Otaku #06: Robotech

Mech drama in space brings back memories

Brandon Beatty, contributing editor

I decided to follow in my GI comrades’ footsteps and begin a new segment where I review animated properties, but with a little anime flavor. While I will continue to review great manga that reaches our shores, I hope that all of you will like this new addition to Otaku. For now, I give a big hearty welcome to Otaku Corner Theater where the motto is “reviewing great anime for, by, and worthy of the otaku.” (patent pending).

To celebrate OCT’s grand opening, I’m starting off with a legendary anime series that is undisputedly considered not only as essential to an otaku’s collection, but also a required piece to introduce those who are new to the wonderful world of anime. This series has not only launched the careers of well-known voice acting veterans in the anime industry, but also is well known among sci-fi anime series such as “Starblazers” and “Mobile Suit Gundam.” It’s none other than “Robotech” from ADV films.

For those who are unfamiliar with this series, a bit of background information is in order. “Robotech” is an 85-episode series produced in the 1980s by Harmony Gold USA and Tasunoko Productions, also known for Karas, G-Force, Tasunoko All-Stars vs. Capcom.

Consisting of a rich story that spans three generations, “Robotech” has mankind engaged in battle with alien space forces for control of the “Protoculture,” a mysterious and powerful energy source. The first chapter of the series focuses on the “Macross Saga,” in which Earth, recovering from a brutal global civil war finds in its possession a highly advanced warship called the SDF-I, sent from space. Upon finding the SDF-I, humanity must defend its self from the Zentradi, a warlike race whose main goal to reclaim said ship by using SDF-I’s advanced technology. In addition to this great space opera, you are introduced to the exploits of amateur pilot Rick Hunter and his mentor Roy Fokker as they and the rest of the SDF-I’s human crew battle the Zentradi through space to protect the restored battleship, but also its innocent inhabitants and Earth itself.

As an anime fan growing up in the ’80s, “Robotech” met my needs for any great space-based anime. It had heroic characters and cunning villains, and it was the first, in my opinion, to boldly fuse concept designs of vehicles and mecha. For instance, the SDF-I and Veritech fighter jets took on actual designs of a naval carrier and its fighter jets and combined them with the designs of a fighting mecha, resulting in futuristic war machines of which my favorite hero Juggie would give his “custom made” seal of approval. The Zentradi’s ship design, also impressive despite their cucumber-shaped look, displays incredible speed and firepower that is also reflected through their “battle pods” design, which consists of a cross between a metal ostrich and a gattling gun.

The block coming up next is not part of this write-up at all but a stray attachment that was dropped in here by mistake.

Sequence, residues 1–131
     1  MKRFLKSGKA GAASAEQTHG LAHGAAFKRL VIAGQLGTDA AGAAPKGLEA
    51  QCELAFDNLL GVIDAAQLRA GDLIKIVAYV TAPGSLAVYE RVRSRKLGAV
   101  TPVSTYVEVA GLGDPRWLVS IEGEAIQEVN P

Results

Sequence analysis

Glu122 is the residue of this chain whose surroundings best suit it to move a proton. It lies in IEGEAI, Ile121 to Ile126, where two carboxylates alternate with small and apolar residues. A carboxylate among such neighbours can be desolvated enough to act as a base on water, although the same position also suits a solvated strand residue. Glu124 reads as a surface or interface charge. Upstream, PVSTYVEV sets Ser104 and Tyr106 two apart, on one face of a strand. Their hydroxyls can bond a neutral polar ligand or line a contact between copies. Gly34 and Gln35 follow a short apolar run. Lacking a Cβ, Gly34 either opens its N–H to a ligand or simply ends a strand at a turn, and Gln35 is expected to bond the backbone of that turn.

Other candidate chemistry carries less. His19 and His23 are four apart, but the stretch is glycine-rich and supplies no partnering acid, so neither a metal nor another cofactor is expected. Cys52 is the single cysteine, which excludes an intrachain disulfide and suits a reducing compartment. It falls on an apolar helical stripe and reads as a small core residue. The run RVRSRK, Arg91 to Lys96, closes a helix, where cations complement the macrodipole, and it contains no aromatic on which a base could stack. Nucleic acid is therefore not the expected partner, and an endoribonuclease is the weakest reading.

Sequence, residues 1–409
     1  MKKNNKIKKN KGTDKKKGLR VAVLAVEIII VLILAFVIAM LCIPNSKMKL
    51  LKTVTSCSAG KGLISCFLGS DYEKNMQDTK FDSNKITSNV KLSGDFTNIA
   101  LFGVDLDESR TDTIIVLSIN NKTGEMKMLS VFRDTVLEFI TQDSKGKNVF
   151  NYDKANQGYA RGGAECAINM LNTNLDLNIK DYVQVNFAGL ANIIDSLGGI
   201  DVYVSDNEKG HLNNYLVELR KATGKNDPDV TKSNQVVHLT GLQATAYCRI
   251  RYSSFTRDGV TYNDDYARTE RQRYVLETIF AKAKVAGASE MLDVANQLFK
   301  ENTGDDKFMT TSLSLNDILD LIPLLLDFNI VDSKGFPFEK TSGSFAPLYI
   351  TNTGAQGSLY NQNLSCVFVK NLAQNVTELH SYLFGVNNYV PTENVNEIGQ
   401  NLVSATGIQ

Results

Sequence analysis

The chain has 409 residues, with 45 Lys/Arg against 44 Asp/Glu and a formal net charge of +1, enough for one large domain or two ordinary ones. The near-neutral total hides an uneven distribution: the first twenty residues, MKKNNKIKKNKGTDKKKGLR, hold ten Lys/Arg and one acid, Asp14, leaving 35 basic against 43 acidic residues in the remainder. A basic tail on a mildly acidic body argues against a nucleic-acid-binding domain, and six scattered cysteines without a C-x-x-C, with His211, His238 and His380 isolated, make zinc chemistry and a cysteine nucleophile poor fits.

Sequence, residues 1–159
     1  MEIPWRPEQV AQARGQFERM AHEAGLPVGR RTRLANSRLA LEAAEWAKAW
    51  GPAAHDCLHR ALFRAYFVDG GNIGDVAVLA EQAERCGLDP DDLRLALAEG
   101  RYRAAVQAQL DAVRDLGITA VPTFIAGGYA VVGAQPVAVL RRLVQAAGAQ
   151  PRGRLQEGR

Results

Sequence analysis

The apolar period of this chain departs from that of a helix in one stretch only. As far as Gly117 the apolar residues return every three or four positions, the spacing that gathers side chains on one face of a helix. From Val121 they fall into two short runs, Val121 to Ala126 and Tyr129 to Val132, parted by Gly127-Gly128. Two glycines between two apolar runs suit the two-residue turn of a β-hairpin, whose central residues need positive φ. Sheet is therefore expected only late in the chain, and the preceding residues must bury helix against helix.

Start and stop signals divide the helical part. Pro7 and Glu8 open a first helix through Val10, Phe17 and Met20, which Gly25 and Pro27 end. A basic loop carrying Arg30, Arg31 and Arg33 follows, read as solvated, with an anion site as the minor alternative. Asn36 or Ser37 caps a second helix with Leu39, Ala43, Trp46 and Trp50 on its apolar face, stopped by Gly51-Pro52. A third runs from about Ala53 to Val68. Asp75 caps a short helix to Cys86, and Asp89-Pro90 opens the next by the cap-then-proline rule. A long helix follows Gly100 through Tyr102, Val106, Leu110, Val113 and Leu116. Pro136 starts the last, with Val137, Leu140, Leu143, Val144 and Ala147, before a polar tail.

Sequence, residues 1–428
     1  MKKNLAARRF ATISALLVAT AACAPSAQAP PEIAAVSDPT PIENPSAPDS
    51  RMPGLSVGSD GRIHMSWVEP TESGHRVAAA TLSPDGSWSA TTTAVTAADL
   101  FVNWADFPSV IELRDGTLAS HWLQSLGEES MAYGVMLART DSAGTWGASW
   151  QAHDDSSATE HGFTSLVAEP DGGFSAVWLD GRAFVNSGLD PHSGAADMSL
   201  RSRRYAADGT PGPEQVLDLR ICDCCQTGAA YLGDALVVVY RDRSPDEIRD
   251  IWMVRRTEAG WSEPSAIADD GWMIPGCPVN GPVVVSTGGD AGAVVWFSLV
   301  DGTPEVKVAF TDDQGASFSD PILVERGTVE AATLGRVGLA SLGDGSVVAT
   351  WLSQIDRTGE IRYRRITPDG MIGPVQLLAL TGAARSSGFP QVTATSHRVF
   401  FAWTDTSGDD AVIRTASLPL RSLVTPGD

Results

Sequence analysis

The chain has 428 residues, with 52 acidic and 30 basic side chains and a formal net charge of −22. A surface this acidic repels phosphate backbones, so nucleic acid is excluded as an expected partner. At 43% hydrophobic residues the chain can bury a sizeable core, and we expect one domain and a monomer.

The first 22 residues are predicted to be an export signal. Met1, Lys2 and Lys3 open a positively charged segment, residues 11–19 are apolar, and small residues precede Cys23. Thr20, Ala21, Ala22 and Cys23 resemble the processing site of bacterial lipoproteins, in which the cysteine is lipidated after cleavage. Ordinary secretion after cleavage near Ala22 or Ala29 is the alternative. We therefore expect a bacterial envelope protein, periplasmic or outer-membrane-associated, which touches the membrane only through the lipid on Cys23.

While ADV and Harmony Gold did do a outstanding job in remastering this series, they do deserve credit for retaining renowned voice actors. Tony Oliver and Dan Woren to reprise their original roles as Rick and Roy, respectively. I also give ADV and Harmony Gold credit for not only keeping the storyline intact, but also keeping the original music and sound effects refreshed using Dolby Digital. There’s also unseen bonus footage, ensuring that “Robotech” stands the test of time as an anime series. This means a lot to me because during my first time viewing Robotech when it was released on VHS, the tape cut off mid-play, leaving me with unanswered questions about the SDF-I and how Earth played a critical part in regard to Protoculture. However, watching Robotech Vol. 1 got me caught up, and I give ADV and Harmony Gold my highest praise for doing so. Although the “Shadow Chronicles” saga has revived “Robotech” for a new generation of otaku, the original will show its viewers how the saga started and, without fail, show the brilliance of a world-renowned animation studio.

If you would like more info on Robotech, visit the official website at www.robotech.com.

Brandon Beatty is the contributing editor of Gaming Insurrection. He can be reached by email at brandonb@gaminginsurrection.com

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